Myrbeth Frances Southwood
Mother, animal-lover, friend to all
Myrbeth Frances Southwood, a longtime Claremont resident, died on February 15, 2013 in Claremont. She was 84.
Mrs. Southwood was born on October 18, 1928 in San Jose, California to Oscar and Anne Oliver. Her unusual name was invented by her parents, who came up with Myrbeth by combining the name of 2 of her aunts, Myrtle and Elizabeth.
At age 19, she married Leo G. Cheim, Jr. and they settled in the Willow Glen neighborhood of San Jose. They had 2 sons, Leo Gregory Cheim, better known as Greg, and John Eric Cheim. She later married Robert Harold Southwood, an employee for Weyerhaeuser Lumber Company, and had a daughter, Darcy.
Weyerhaeuser took the couple and 3 children to Tacoma, Washington in 1959, where they lived on 40 acres in a home that is now a historic site. Naturally, Mrs. Southwood, a lifelong animal-lover, moved her pets, one being her horse Dice, with the family.
Living in Washington, Mrs. Southwood took on the task of boarding horses on their 40 acres. Riding was a great passion for Greg, who belonged to a riding club called the Colts and Phillies, and the Southwoods were strong supporters. They also adopted a pony for John. Mrs. Southwood did all the work herself, and relished feeding and caring for the horses she boarded.
In 1961, Weyerhaeuser again moved the family to Denver, Colorado, animals and all. They resided in Denver for 10 years, where Mrs. Southwood concentrated on motherhood. For some years, she was also a stalwart of the Denver Art Museum.
The horse and pony lived on the property with the family along with many pets, including a Collie named Lassie, cats and a magpie named Maggy. While living in Denver, Mrs. Southwood awoke one morning to find the pony in the stable with a broken leg. Rather than putting the pony down, she insisted that they put a cast on the leg and let the pony live in the garage. The garage was a makeshift stable for weeks. The procedure was unsuccessful but, as usual, Mrs. Southwood had gone to every length to save the pony.
In 1971, the Southwoods were transferred with Weyerhaeuser Company to Hot Springs, Arkansas, which was an adjustment for the family. Mrs. Southwood made the best of this move by starting what was to become a very successful career in real estate during the ‘70s. Being a people person, she was excellent at this. Her sense of style was another asset, helping people visualize a life in the homes they were buying.
Mr. Southwood retired from Weyerhaeuser and moved back to California in 1980, relocating to Upland and eventually Claremont. In the years following, Mrs. Southwood was an active member of the Scripps College Fine Arts Foundation. She also worked at Graber Olive House in Ontario and locally at Raku.
Known for never being able to resist a pretty flower, she enjoyed gardening and always had fresh flowers in her house. She delighted in cooking for others, whether for her children or people in the neighborhood. Mrs. Southwood got many calls from her children and grandchildren wanting her recipes, especially her delicious pound cake and savory pot roast.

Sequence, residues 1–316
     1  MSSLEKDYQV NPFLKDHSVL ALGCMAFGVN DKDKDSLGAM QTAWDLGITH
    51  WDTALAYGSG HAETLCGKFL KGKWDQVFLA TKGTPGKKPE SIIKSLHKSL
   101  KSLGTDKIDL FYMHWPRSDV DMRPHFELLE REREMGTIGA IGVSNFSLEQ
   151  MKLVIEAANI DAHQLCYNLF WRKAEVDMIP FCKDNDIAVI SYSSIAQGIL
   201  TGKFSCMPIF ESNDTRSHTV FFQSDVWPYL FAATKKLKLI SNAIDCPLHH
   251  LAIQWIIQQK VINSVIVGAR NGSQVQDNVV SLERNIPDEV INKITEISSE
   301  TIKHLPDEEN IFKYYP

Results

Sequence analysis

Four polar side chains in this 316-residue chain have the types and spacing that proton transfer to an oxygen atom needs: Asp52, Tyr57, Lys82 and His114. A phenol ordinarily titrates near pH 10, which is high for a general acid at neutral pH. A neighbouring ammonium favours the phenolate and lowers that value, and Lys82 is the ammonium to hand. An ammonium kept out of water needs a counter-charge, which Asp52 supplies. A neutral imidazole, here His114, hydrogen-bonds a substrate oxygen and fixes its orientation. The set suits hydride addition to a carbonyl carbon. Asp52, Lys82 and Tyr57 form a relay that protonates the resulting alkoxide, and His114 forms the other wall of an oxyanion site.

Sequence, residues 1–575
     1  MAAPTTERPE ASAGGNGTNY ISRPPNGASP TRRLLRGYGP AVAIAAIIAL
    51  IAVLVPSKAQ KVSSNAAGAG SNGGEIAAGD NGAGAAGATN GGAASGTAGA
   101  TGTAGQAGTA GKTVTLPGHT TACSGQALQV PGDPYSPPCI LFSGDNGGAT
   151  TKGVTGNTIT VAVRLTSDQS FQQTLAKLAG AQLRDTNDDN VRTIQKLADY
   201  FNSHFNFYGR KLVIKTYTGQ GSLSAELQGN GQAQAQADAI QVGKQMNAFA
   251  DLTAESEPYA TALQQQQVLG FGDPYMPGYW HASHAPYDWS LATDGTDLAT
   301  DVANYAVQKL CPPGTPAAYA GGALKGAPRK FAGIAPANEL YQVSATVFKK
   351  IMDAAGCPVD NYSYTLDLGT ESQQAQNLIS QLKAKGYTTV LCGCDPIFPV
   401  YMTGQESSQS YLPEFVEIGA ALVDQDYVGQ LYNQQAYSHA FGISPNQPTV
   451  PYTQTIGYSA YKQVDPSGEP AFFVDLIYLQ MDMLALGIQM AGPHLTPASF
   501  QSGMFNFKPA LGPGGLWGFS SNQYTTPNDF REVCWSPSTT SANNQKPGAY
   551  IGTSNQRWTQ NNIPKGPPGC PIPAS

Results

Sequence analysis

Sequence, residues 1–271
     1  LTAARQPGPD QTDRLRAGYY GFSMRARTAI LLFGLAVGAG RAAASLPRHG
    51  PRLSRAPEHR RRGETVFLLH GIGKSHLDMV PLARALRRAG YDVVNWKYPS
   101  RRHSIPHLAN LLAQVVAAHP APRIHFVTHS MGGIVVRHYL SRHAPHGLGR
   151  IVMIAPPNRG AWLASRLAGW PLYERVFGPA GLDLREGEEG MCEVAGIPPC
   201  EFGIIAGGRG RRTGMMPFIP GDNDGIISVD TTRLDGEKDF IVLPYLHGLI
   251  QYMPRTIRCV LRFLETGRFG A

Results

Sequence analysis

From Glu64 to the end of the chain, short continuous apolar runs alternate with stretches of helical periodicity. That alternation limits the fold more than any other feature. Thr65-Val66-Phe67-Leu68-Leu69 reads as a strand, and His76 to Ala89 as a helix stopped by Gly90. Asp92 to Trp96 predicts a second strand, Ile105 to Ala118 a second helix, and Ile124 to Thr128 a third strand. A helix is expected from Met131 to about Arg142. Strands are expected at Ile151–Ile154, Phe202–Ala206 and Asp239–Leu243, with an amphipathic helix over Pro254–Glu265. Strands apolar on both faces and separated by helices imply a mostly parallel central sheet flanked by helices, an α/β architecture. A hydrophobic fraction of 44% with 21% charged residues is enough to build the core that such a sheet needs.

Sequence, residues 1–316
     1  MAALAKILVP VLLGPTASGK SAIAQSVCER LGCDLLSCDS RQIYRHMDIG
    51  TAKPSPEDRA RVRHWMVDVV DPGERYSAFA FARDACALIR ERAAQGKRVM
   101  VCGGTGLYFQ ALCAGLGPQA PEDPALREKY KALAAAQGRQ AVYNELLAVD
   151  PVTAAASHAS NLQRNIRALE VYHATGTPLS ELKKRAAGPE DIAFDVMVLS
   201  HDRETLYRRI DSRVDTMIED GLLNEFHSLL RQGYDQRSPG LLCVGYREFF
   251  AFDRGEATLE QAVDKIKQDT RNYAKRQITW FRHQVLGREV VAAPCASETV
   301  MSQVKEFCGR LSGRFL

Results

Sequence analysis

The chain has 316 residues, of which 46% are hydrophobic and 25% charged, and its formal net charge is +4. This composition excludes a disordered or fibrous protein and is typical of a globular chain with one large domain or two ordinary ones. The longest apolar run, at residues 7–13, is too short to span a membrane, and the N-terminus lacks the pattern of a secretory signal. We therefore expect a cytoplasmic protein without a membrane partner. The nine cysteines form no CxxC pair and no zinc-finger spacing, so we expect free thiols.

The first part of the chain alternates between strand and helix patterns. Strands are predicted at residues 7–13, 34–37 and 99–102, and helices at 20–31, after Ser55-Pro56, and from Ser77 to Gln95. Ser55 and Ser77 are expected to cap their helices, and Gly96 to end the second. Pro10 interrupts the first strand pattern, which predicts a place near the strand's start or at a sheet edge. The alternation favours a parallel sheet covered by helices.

Mrs. Southwood loved the beach and poolside. Her husband used to call her “Brownie” for her rich tan. She was a longtime member of the Claremont Tennis Club, playing tennis actively, and later in life switched to Aqua Fit.
She became close with the other members of the Aqua Fit group, which was characteristic of Mrs. Southwood, who was known for developing close personal relationships everywhere she went. This included her entire neighborhood, where she befriended everyone on the block while walking her beloved dog Snowball. Some knew her only as “the white-haired lady with the little white dog.” In the last year of her life, she made new friends when she started walking Father Charles’ 2 dogs. It was her joy after losing Snowball.
It was all about the people and the dogs for Mrs. Southwood, who was an ardent advocate for all animals. She was a supporter of many animal agencies, often paying the expenses for the spaying and neutering of other people’s pets or for the strays she rescued from the streets.
“Mom had many accomplishments, but I think the way she did her part for the world was as a thoughtful, kind listener and faithful friend,” Mrs. Southwood’s daughter said. “She was devoted and nurturing to all she befriended. Her concern for others was always genuine.”
Mrs. Southwood is survived by her sons, her daughter and 2 grandchildren, Nathalie Contat and Taylor Cheim. She is also survived by nieces Debbie Woods, Judy Quigley and Karee Oliver and by nephews Robert Boldig and David and Michael Oliver.
An intimate celebration of the life of Mrs. Southwood, or “Brownie,” was held at the home of her nephew Robert and his wife Kelley, with family and close personal friends in attendance.
In lieu of flowers, the family asks that donations be made in the name of Myrbeth Southwood to the Inland Valley Humane Society, 500 Humane Way, Pomona, CA 91766.